"So, see ya in an hour," said Dennis, voice still indifferent. "Gotta get somethin' to eat. Later."
He hung up wondering if he should change what he was wearing, all the while chewing at a ragged hang-nail that had been bothering him for hours. Sound making its way up from downstairs signaled his mother's fund-raiser was over.
Grabbing a black and green plaid shirt, Dennis put his guitar in its case and opened his bedroom door. His sister's door was shut so he made sure to bump it hard with his guitar case as he walked past. He was down the stairs before she opened the door to see what had happened. Going to the kitchen, he raided the frig, made a roast beef sandwich with mustard and horseradish on sourdough and drank a half quart of milk.
"Going somewhere?" asked his mother, a Technicolor aging bird gowned in bright colors and chiffon scarves, a costume so predictable Dennis sometimes imagined her wearing the same thing to bed.
"When dad gets home," he answered, using milk to wash down the last bite. "We got a gig tonight at the center. Gotta practice before and do a sound-check. We go on second tonight."
"That's nice, dear. Is it a school dance?"
Dennis wiped his mouth with a sleeve, pondering why mothers made such a big deal over rock'n roll makeup, yet wore even more eye shadow and false eyelashes themselves.
"Dance? Yeah…that's it. We're playin' for a dance."
"How nice, dear. Be nice and don't get in trouble."
"Don't worry," said Dennis, hearing the sound of the garage door opening. "It's just a dance." He was waiting next to the car when his father got out. "Hi, dad. How was your day? Could I use the car to take our instruments to the center? We got a real gig tonight. We're getting paid. I'll be careful. We'll even put some gas in the tank."
Mr. Marquardt stood by the open car door, briefcase in hand, a business-suited man who'd had a long day.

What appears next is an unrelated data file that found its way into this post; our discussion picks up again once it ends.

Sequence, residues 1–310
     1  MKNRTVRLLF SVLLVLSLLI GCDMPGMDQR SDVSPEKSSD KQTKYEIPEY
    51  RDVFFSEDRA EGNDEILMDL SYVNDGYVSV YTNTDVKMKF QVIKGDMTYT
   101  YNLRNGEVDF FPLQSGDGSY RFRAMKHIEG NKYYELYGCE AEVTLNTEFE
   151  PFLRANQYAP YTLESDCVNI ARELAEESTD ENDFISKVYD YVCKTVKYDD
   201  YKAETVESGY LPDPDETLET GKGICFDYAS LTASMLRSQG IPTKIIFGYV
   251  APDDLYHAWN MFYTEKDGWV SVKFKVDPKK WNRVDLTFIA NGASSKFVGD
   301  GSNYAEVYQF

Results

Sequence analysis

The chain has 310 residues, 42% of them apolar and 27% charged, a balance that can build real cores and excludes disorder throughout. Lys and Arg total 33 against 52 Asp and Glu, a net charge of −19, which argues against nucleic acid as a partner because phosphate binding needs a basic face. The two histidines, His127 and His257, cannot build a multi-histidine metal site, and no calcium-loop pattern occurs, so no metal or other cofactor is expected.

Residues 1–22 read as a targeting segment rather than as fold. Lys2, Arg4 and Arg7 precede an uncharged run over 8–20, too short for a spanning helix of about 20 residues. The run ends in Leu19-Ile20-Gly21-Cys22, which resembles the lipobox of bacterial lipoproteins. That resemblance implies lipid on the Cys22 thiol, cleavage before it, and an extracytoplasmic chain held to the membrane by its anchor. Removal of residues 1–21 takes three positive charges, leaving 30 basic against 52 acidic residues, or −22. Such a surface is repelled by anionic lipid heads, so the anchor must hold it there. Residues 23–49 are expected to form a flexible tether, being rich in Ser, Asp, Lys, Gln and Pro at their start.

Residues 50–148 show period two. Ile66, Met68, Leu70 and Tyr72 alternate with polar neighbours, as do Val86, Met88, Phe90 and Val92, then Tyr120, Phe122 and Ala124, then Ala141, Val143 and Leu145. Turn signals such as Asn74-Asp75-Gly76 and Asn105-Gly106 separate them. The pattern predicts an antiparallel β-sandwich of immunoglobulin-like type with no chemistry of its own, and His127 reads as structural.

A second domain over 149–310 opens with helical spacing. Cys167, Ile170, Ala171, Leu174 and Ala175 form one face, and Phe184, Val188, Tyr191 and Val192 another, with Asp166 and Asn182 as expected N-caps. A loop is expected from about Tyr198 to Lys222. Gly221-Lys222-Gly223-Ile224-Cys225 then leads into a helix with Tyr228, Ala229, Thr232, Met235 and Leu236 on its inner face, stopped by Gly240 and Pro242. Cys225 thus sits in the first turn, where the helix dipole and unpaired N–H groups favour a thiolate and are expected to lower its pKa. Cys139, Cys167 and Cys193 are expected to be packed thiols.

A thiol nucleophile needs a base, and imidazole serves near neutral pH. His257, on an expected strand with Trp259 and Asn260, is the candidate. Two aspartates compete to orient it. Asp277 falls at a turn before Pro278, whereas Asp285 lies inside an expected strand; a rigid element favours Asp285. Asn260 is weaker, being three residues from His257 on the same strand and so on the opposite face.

"Hello, Dennis. My day was all right. Fraught with problems, but none so difficult they couldn't be solved. You want to use my car? What's wrong with your mother's?"
"Who knows," said Dennis, shifting weight to other foot. "I think it's gonna be in the shop for a week."
"A week?" Mr. Marquardt said, obviously not pleased with that piece of information. Lips twitching back at one side of his mouth, he exhaled audibly. "I suppose. Don't be back too late. And use premium."
"Thanks, dad. We'll be careful… ."
Mr. Marquardt watched his son drive away, wondering where he'd gone wrong in plans to get Dennis into college, wondering if parents and teens ever communicated. Sighing again, he closed the garage door and went inside.
Dennis was sweating like a sinner on Judgment Day, the last set wringing every ounce of testosterone from sound-shattered body. Too bad it hadn't been his shirt, which needed wringing-out even more.
Ollie Wells, rhythm guitarist, was sitting across the room on an amp case, spiky red hair glistening with sweat. Skin that had never seen sun, Ollie's was strangely transparent. No jewelry, no piercings, no make-up Ollie was a garage-band guitarist with no time for special effects, a nineteen year old from Modesto, California who thought new clothes were too close to wearing a costume. But oh, how Ollie could play the guitar.
Ralph was replacing a broken string on his Fender bass, absorbed in what was for him an almost religious act. Wendy, trying to get his attention in Spandex and black lace was licking sweat off his face.
Blocking the open dressing room door, Josh was holding court over three blonde teens who were bubbling with self-conscious excitement. Unable or unwilling to stand still as they gushed over a hearing-loss performance, all three girls were talking at once.
"Go outside and shut the damn door," Dennis said, head in hands still ringing with the sixty-cycle bells of mega-decibel over-exposure.
Probably enveloped in teenage fantasies, Josh went out in the hallway and shut the door. Giving up getting his attention, Wendy sat down on a metal folding chair and watched Ralph finish stringing the bass.
"Well," Ollie said, standing and picking up his guitar case, "guess it's time."
"Wanna ride?" asked Dennis, wiping the front of his guitar with a soft white cloth and putting it in its case. "Gotta get some gas… ."
"Sure. I'm staying at my sisters. Over on Sampson. I moved out of my apartment."
"No problem," Dennis said. "How about you, Ralph? You guys need a ride?"
Ralph looked up from his bass. "Wendy'll pay for some gas. Her Toyota's got its period." He laughed when nobody else did. Putting his instrument in its case, he locked it, then looked at himself in the mirror. "That was a fuckin' good set. Too bad I broke the fuckin' string." He grinned and did something disgusting with his first finger to the image of a spider-web-clothed butterfly-winged bodacious beauty hugging his other forearm.
"No problem," Dennis said. "No one knew but us. Come on. Josh can catch up with us at the car… ."
They went out the back entrance and headed for the side lot where Dennis had parked. They passed Josh getting into a car with the three giggling blondes. "See you guys later," Josh said, and grinned as one of the girls shut the car door.